The popular track, which is third on Taylor’s recently released album, is about her insecurities and anxieties. “I really don’t think I’ve delved this far into my insecurities in this detail before,” she said of the song.
“This song really is a real guided tour throughout all the things I tend to hate about myself,” she said. “We all hate things about ourselves.”
This raw honesty is evident throughout the music video, which is written and directed by Taylor herself. She has described the footage as a depiction of her “nightmare scenarios and intrusive thoughts” playing out “in real time.”
The video features Taylor coming face-to-face with another version of herself: the Anti-Hero. It was quickly praised by fans who commended the singer for such a raw and honest portrayal of her deepest insecurities.
However, one scene in particular caused a stir online when the video was released. The short clip in question saw Taylor standing shamefully on a scale that read “FAT,” while the other version of herself shook her head in apparent disapproval.
Many social media users deemed the clip “fatphobic.”
“Taylor Swift’s music video, where she looks down at the scale where it says ‘fat,’ is a shitty way to describe her body image struggles. Fat people don’t need to have it reiterated yet again that it’s everyone’s worst nightmare to look like us,” read one viral tweet.
“It is possible to appreciate Taylor Swift and midnight as an artist AND call her out on her blatant fatphobia. Taylor Swift should have done better because even if it is relatable and an ‘intrusive thought’ it is damaging and fatphobic. Listen to fat ppl when they tell you it is,” one user said.
Taylor has now edited the video to remove the scale scene, presumably in response to such comments. The video was firstly tweaked on Apple Music and later on YouTube, too.
But some fans have spoken out in defense of Taylor, who was vocal about her own experience with disordered eating in her 2020 documentary, Miss Americana.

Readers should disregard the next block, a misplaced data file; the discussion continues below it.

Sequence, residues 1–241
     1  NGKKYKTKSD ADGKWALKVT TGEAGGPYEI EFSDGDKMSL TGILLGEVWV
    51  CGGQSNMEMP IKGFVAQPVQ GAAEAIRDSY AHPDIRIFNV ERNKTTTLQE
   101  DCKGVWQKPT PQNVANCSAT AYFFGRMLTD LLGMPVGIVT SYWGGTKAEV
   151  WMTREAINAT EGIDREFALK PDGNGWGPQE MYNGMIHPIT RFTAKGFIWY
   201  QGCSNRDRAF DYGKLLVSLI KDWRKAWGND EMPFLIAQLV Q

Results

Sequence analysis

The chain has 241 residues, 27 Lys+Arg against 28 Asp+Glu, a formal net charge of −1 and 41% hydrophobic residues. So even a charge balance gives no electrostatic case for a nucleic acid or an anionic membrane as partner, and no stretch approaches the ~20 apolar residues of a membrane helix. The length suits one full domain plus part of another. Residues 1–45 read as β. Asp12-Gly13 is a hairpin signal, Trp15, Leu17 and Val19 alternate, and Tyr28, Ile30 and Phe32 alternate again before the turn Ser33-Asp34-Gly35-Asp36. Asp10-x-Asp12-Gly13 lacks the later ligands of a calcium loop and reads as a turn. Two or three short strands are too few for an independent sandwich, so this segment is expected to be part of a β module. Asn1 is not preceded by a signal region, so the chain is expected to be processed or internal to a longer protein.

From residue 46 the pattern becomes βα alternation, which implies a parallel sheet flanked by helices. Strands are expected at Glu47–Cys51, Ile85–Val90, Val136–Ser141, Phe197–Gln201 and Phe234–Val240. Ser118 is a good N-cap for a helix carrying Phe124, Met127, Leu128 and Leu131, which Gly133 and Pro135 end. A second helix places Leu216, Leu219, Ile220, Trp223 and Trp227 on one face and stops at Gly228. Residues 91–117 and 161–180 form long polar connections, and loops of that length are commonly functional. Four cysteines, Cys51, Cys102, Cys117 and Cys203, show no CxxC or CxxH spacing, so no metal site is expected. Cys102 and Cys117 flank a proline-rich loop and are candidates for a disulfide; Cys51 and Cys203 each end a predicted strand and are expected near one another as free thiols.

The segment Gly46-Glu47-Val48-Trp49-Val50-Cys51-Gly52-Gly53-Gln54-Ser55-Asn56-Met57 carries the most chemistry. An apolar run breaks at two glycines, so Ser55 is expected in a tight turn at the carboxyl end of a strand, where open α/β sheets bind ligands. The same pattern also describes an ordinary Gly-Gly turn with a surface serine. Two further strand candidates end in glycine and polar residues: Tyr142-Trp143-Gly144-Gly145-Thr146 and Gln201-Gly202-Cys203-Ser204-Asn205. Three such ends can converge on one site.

In the candid film, Taylor recalled a period of her life where she “wasn't eating” much at all and would monitor what she did consume, as well as overexercising.
“I would have defended it to anybody who said, ‘I'm concerned about you,’” she said, before admitting her response to the concern would have been, “‘What are you talking about? Of course I eat. I exercise a lot.’ And I did exercise a lot. But I wasn’t eating.”
Taylor even revealed that she often felt as though she was going to pass out during her shows as a result of restrictive eating. “I thought I was supposed to feel like I was going to pass out at the end of a show, or in the middle of it,” she said.
She went on to say that she’s still learning how to navigate her thoughts around body image and can easily be triggered.
"It’s not good for me to see pictures of myself every day," Taylor said. "It’s only happened a few times, and I’m not in any way proud of it. A picture of me where I feel like I looked like my tummy was too big, or ... someone said that I looked pregnant ... and that’ll just trigger me to just starve a little bit — just stop eating."
She later discussed how she’s struggled with feeling pressure to conform to societal beauty standards, describing them as “fucking impossible” to meet.
“There’s always some standard of beauty that you're not meeting. Because, if you're thin enough, then you don’t have that ass that everybody wants. But if you have enough weight on you to have an ass, then your stomach isn’t flat enough. It’s all just fucking impossible,” she said.
As a result, many fans read the scene in “Anti-Hero” as both a visual representation of Taylor’s own disordered eating and an acknowledgement of fatphobia more generally — how its pervasiveness has conditioned us to equate being fat with fear, and the need to undo that thinking.
And many fans have argued that Taylor shouldn’t have had to erase a representation of her own struggle because of other people’s interpretations.
“Taylor wasn’t showing how being ‘fat’ is bad, she’s showing how body dysmorphia affects HER, and HER struggle with it, stop making it about yourselves,” one person wrote alongside a screenshot of a now-deleted tweet that called Taylor “fatphobic.”
“I’m really upset about the Anti-Hero music video being edited. It was clearly art that spoke to so many of us. And I feel so bad that Taylor felt bad enough that she felt like she had to change it. I hope she knows we appreciate her art and accept her struggles without judgement,” said another.
“Everyone experiences their EDs in different ways and to shame her by dictating how a word can be used is dismissing her struggles. It’s cruel and unfair, especially considering she’s spent basically her whole adult life in an industry that places incredible pressure on body image,” a third user wrote.
Before long, fans began to recirculate the clip from Taylor’s documentary, reminding others of how open she’s been about her disordered eating.
Taylor has yet to speak out about all the backlash herself, but we’ll be sure to update you if she does.
The National Eating Disorders Association helpline is 1-800-931-2237; for 24/7 crisis support, text “NEDA” to 741741.